In our interview here at CBJ/243, she takes us to her street level, survival toolkit.

Photo by Quino Al on Unsplash


Books and Additional References

Previous CBJ Experts Report: Mindset & Recovery


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Thanks, Linda, for joining us here at CBJ to review your interesting overview of insights for evolving life’s next steps in the context of mental disarray. Recovery takes a comprehensive plan.

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244 Dr. Jennifer Fraser earned a Ph.D. in Comparative Literature and is a researcher, educator, and published author. Her latest book, Teaching Bullies, marks the first moment when she became both shocked and fascinated by neuroscience and the evolution of utilitarian mind-discoveries.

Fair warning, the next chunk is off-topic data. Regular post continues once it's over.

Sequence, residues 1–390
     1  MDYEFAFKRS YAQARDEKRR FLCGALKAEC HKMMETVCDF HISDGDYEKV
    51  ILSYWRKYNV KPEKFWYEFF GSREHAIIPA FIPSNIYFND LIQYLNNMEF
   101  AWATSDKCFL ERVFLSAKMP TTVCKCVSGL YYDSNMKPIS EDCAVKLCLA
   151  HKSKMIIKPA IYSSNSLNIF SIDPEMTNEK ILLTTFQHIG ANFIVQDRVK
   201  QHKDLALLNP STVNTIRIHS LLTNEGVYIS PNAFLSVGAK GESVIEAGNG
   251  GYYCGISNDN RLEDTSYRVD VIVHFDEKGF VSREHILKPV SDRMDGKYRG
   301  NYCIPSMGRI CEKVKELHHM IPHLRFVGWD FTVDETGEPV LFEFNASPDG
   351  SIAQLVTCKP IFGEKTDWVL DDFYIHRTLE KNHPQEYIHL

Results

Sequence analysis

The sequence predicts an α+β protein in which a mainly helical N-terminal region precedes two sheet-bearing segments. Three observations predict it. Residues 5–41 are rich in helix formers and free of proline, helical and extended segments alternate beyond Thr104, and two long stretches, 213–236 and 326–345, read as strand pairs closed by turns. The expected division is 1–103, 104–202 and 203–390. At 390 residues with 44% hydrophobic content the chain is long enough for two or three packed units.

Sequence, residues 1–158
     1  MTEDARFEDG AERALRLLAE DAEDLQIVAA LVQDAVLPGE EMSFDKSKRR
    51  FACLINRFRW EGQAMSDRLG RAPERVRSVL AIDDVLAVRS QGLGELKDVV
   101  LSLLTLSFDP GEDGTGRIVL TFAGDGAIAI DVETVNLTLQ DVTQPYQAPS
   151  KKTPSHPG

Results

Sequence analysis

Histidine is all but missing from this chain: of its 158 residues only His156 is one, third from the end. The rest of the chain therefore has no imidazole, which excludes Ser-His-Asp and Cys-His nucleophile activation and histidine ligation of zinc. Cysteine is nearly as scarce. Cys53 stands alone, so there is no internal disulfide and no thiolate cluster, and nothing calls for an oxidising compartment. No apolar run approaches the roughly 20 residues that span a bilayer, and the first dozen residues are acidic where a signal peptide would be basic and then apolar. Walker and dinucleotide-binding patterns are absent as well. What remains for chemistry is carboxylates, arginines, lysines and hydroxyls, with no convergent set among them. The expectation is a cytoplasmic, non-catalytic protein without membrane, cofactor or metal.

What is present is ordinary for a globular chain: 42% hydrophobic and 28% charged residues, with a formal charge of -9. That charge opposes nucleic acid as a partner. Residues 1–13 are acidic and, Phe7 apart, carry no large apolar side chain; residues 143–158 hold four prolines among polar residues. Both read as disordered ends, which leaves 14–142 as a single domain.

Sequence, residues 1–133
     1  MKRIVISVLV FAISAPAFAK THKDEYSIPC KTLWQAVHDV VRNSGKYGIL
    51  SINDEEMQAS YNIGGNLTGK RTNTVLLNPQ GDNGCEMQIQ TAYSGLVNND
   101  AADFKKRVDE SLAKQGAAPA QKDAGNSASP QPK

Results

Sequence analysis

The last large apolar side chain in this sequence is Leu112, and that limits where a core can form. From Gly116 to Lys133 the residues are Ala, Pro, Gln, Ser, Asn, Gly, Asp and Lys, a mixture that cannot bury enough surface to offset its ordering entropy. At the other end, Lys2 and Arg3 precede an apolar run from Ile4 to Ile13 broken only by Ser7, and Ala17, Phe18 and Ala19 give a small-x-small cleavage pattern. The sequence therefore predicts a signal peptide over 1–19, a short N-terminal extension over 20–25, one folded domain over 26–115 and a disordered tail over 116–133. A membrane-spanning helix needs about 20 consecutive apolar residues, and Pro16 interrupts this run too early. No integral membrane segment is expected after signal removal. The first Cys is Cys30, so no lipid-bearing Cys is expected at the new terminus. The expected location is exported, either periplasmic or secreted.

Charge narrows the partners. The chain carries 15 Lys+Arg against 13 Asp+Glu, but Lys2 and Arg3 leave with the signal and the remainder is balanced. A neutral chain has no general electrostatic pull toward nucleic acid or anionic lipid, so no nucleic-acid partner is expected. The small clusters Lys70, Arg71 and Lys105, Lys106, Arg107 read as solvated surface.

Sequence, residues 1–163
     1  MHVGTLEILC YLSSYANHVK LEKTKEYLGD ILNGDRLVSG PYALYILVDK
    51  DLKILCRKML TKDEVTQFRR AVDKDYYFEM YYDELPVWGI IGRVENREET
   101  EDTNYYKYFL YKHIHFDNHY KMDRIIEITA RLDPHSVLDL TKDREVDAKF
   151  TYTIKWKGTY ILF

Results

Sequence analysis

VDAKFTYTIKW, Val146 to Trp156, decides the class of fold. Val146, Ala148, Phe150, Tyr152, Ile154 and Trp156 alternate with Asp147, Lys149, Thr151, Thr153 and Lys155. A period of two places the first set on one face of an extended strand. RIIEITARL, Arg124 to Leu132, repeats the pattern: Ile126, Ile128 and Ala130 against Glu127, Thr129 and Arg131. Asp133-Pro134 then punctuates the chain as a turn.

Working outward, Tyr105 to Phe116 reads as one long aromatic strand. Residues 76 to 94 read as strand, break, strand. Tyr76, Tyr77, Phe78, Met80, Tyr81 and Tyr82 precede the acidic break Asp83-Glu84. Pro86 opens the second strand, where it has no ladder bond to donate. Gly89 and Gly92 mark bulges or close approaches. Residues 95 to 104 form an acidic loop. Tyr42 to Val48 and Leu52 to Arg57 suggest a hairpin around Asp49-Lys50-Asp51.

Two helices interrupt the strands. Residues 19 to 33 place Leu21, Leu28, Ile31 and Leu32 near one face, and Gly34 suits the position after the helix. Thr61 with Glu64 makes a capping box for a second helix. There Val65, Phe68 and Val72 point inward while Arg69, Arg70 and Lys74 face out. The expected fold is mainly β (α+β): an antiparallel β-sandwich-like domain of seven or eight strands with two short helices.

Ever since reading six years ago about the harm done to brains by bullying – as documented and recorded on MRI and fMRI – she has made it her mission to inform teachers, coaches and parents about the neurological scars that bullying or emotional abuse does to brains.

The data us in folks, it’s time to take more decisive action.

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  1. Deborah Poteet-Johnson on 08/08/2018 at 10:11 PM